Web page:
Amazon.com: Sister is written as a letter from Beatrice to Tess. Why did you choose to structure the novel this way?
Rosamund Lupton: At one point, Beatrice says to Tess, "it’s a one way conversation, but one I could only have with you." I felt that writing it this way continually demonstrates their intimacy. Also, as a former scriptwriter, I found it easier to tell the story as one character speaking to another; as if it’s one half of a dialogue.
Amazon.com: Did your relationship with your own sister impact how you crafted the relationship between Beatrice and Tess?
Rosamund Lupton: I know as an older sister how protective and responsible I’ve always felt towards my sister and I posed the question, what would you do if your sister went missing? I knew that Beatrice in the book would drop everything and get the first flight to find Tess--as I think almost any sister would do. Although Beatrice and Tess are very different from my sister and myself, the emotional truth of their relationship is one I know well. Like my sister and I, the closeness between them is made up of a million tiny details rather than simply the "big things." Some small details are drawn directly from my own life. For example, my sister and I wrote to each other at boarding school, and used jigsaw letters and ones with invisible ink.
Amazon.com: Can you tell us anything about your next novel?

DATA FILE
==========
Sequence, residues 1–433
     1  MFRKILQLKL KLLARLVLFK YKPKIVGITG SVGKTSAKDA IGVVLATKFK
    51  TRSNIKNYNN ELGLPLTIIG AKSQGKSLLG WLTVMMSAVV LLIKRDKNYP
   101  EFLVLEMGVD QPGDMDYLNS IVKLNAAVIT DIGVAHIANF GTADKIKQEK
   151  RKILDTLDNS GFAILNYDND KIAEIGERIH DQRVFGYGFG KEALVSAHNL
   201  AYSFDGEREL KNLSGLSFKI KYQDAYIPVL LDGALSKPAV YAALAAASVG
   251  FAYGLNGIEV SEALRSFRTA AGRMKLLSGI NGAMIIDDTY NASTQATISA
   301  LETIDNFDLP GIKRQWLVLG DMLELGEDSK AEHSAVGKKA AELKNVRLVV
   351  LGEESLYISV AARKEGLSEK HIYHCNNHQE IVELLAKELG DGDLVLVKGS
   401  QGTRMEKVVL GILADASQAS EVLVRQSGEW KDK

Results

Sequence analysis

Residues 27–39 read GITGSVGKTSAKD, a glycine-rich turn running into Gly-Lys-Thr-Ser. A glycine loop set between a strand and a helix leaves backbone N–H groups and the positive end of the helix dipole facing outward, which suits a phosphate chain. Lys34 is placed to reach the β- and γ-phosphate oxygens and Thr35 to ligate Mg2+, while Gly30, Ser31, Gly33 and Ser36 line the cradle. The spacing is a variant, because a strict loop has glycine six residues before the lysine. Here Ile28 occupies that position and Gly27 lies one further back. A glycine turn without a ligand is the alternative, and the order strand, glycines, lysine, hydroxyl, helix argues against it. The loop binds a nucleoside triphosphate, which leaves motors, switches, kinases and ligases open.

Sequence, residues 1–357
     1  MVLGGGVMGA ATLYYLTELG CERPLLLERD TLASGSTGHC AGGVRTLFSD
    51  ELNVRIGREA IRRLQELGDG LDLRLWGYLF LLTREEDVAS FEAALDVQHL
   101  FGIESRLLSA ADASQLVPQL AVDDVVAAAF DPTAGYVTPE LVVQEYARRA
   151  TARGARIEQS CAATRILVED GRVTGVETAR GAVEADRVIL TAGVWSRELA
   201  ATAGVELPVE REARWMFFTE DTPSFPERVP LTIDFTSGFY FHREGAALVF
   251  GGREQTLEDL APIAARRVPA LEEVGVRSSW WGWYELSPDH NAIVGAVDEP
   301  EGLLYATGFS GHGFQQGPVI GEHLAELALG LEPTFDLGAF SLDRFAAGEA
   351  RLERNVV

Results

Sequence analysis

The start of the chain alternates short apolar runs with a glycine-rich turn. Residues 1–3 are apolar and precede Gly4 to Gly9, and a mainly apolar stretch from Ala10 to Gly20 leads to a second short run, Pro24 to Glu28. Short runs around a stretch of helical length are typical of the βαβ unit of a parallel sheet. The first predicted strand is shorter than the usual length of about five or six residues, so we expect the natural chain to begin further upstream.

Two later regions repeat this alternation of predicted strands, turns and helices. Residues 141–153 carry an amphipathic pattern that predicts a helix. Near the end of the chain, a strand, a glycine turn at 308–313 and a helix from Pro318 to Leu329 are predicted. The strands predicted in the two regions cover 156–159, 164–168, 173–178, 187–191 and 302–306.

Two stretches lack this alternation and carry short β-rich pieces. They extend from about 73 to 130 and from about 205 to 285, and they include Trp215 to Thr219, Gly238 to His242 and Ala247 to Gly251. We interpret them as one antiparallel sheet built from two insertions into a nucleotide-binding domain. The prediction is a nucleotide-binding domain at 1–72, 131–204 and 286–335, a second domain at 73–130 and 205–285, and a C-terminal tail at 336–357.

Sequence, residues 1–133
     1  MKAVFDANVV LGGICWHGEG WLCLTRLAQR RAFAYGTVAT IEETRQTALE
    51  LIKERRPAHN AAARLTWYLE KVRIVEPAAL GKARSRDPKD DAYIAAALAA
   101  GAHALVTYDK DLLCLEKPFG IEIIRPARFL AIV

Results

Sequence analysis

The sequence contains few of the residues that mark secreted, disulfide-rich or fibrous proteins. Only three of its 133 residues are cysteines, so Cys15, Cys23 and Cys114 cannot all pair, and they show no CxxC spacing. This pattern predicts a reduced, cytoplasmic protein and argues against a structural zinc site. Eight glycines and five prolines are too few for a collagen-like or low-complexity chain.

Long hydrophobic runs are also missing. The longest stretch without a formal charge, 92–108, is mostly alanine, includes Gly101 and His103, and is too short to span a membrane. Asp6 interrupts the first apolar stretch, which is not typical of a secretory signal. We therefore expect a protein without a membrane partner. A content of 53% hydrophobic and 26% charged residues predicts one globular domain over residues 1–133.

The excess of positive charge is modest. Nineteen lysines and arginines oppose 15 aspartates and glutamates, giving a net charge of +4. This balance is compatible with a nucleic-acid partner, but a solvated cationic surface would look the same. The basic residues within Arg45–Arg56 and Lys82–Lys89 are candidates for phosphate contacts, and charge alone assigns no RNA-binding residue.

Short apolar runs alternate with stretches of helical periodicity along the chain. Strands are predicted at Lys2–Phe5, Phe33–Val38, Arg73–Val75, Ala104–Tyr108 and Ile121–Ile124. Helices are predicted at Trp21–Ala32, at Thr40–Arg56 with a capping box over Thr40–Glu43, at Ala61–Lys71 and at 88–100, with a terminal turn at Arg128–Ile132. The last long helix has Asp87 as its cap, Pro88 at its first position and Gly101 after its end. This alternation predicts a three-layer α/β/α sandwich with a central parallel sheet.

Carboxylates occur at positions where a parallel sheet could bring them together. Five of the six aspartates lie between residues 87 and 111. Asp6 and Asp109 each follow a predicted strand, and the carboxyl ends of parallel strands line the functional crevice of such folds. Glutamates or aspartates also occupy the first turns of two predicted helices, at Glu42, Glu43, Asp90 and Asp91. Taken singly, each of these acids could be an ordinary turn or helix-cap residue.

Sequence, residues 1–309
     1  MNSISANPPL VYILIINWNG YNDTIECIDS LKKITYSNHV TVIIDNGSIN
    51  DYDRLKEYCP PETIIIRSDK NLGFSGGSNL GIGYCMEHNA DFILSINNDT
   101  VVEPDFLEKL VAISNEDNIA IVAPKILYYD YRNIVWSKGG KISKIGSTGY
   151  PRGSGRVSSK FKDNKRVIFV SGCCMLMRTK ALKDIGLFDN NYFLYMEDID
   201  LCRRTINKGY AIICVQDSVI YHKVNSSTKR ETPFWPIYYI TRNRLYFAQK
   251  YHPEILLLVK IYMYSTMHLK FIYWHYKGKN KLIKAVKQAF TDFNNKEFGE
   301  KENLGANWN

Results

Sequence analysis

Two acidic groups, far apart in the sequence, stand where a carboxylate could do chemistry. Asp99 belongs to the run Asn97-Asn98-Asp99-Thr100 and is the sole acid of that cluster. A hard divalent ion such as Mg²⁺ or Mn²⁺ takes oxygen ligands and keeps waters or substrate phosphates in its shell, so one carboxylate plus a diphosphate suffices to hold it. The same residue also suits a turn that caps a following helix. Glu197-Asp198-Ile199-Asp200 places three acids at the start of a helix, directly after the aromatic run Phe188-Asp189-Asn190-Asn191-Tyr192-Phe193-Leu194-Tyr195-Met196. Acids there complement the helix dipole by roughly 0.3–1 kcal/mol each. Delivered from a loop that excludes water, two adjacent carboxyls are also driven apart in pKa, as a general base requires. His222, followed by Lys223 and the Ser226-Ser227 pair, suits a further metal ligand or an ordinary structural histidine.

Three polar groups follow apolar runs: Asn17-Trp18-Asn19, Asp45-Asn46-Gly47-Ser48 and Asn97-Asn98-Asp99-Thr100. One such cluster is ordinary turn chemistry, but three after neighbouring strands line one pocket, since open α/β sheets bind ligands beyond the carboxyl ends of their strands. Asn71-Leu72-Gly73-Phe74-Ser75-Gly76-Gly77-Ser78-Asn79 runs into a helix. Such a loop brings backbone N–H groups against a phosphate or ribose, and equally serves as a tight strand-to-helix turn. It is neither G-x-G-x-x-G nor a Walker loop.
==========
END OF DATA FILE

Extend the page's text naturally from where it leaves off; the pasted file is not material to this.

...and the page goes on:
Rosamund Lupton: It begins with a mother running into a burning school to rescue her teenage daughter. The book continues to be about how far a woman will go to protect her family. It’s ultimately about love not recognizing any boundaries.
Amazon.com: Sister is bound to be on a lot of summer reading lists. What are you looking forward to reading this summer?
Rosamund Lupton: I have a big pile of books that are looking so enticing, I can’t wait to have time to read them! At the top are Jennifer Egan’s A Visit from the Goon Squad and Sarah Winman’s When God Was a Rabbit.
Starred Review. British author Lupton's unusual and searing debut is her heroine Beatrice Hemming's letter to her dead younger sister, Tess. Abandoned by their father just before their eight-year-old brother's death from cystic fibrosis and raised by their genteelly ineffectual mother, Bee and Tess have always exchanged long, intimate letters, so when Tess, an unmarried London art student, apparently commits suicide after her CF baby is born dead, Bee resigns her corporate design job in New York City and moves into Tess's shabby London flat. Convinced Tess was murdered, Bee gradually learns Tess had been spurned, like her unborn child, by her married art teacher lover; she had also been eerily pursued by a drugged-up slumming fellow student and mentally tortured by hallucinogenic drugs thrust on her by a masked stalker. Bee's self-defenses crumble as she discovers that she never returned Tess's anguished calls for help. Observing the unsettling similarities between her mother and her fiancé, Bee realizes "why no one could be my safety rope." At the harrowing conclusion, Bee's aching heart accepts that "grief is love turned into an eternal missing." (June)